Share via Email This article is over 2 years old A forest activist inspects land clearing and drainage of peat natural forest Sumatra, Indonesia.
Too much of a good thing? Palm oil can be used in everything from cosmetics to fuel, and is cheap and efficient to produce.
But this versatile crop has a dark side — its incredible popularity has caused widespread environmental destruction. Ancient humans were buried with casks of it. In traditional African medicine, it's used to treat pain.
It can be found in about 40 percent of everyday products on supermarket shelves, from donuts to shampoo, chips to ice-cream — and even appears in the gas tank of your car. Palm oil is nothing if not versatile, and humans have known that for a long time.
It's probably been on the menu since hunter-gatherers realized that the thick clusters of reddish, plum-sized fruits growing in the tropics on African oil palm trees Elaeis guineensis yield far more rich fat than any other plant.
Archaeological evidence shows we've been processing palm oil fruit for at least 5, years. Long a regional trade good in Africa, it rose to global prominence in the late s when the British established the first commercial palm plantation in Indonesia. Palm oil cultivation doesn't have to be destructive.
There are smaller-scale sustainable farms like this one in Sierra Leone In the intervening years, palm oil production and demand have exploded.
Between and global consumption more than tripled from just over 17 million to more than 60 million metric tons, according to the US government see graphic.
The boom is taking an environmental toll, wiping out tracts of forest to create space for sprawling monocultures. A threat to species and the climate? In many places oil palms are grown unsustainably on clearcut jungle. Globally, plantations now cover aboutsquare kilometers 62, square miles of tropical landscapes, an area larger than Greece, according to the Rainforest Alliance.
By some estimates, soccer fields worth of land are being cleared for the crop every hour. In Borneo and Sumatra, that's wiping out habitat areas for rhinos, tigers and orangutans and driving those species toward extinction.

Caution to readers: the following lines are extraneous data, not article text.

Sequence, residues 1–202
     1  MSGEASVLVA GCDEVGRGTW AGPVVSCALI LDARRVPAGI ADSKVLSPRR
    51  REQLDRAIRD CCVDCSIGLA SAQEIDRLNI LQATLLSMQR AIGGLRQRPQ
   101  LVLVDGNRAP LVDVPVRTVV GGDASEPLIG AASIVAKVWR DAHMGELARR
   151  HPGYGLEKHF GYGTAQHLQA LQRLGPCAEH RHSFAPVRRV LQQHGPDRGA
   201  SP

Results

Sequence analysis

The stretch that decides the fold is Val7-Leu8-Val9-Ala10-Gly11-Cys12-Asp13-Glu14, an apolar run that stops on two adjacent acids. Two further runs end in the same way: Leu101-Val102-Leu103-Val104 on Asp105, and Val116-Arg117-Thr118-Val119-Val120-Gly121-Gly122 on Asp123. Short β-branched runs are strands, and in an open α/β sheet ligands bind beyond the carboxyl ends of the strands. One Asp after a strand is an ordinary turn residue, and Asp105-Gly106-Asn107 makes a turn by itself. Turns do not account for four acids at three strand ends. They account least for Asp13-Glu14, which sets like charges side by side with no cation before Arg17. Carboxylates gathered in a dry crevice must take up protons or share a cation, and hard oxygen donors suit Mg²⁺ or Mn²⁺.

One recent study found that more thanBornean orangutans have been killed since - in part by hunters, but also by logging for paper mills and palm oil plantations. Palm oil production is the leading driver of tropical deforestation, which accounts for 18 percent of all global human-caused greenhouse gas emissions.
Clearing Indonesian forests is a particular problem, because they store more carbon per hectare than the Brazilian Amazon thanks to their "carbon-rich" soils, according to US-based Union of Concerned Scientists.
Are corrupt politicians behind Peru's palm oil plantations?Vegetable oils are one of the most traded global commodities, and this is particularly true of palm oil. Unfortunately, as recently as , much of the palm oil entering . Land grabbing and exploitation of workers, including the use of child labour, is endemic.
And decades of deforestation for palm oil have created conditions ideal for furious forest and peatland fires. Leaked figures show spike in palm oil use for biodiesel in Europe It drives tropical deforestation, increases transport emissions, does nothing to help European farmers and does not improve.
But palm oil's appeal comes with significant costs.
Oil palm plantations often replace tropical forests, killing endangered species, uprooting local communities, and contributing to the release of climate-warming gases. Due mostly to oil palm production, Indonesia emits more greenhouse gases than any country besides China and the United States.
When deforestation and peatland drainage occur to make way for oil palm plantations, the sequestered carbon is released into the atmosphere as carbon dioxide, contributing to global warming.
As demand for palm oil increases, tropical forests and peatlands—and the people and species that rely on them—are put at risk. For all these reasons, it is. Palm oil production has been a major driver of deforestation in Indonesia and Malaysia.
In Indonesia, from to , the total harvested palm area grew dramatically, tripling to 6 million hectares.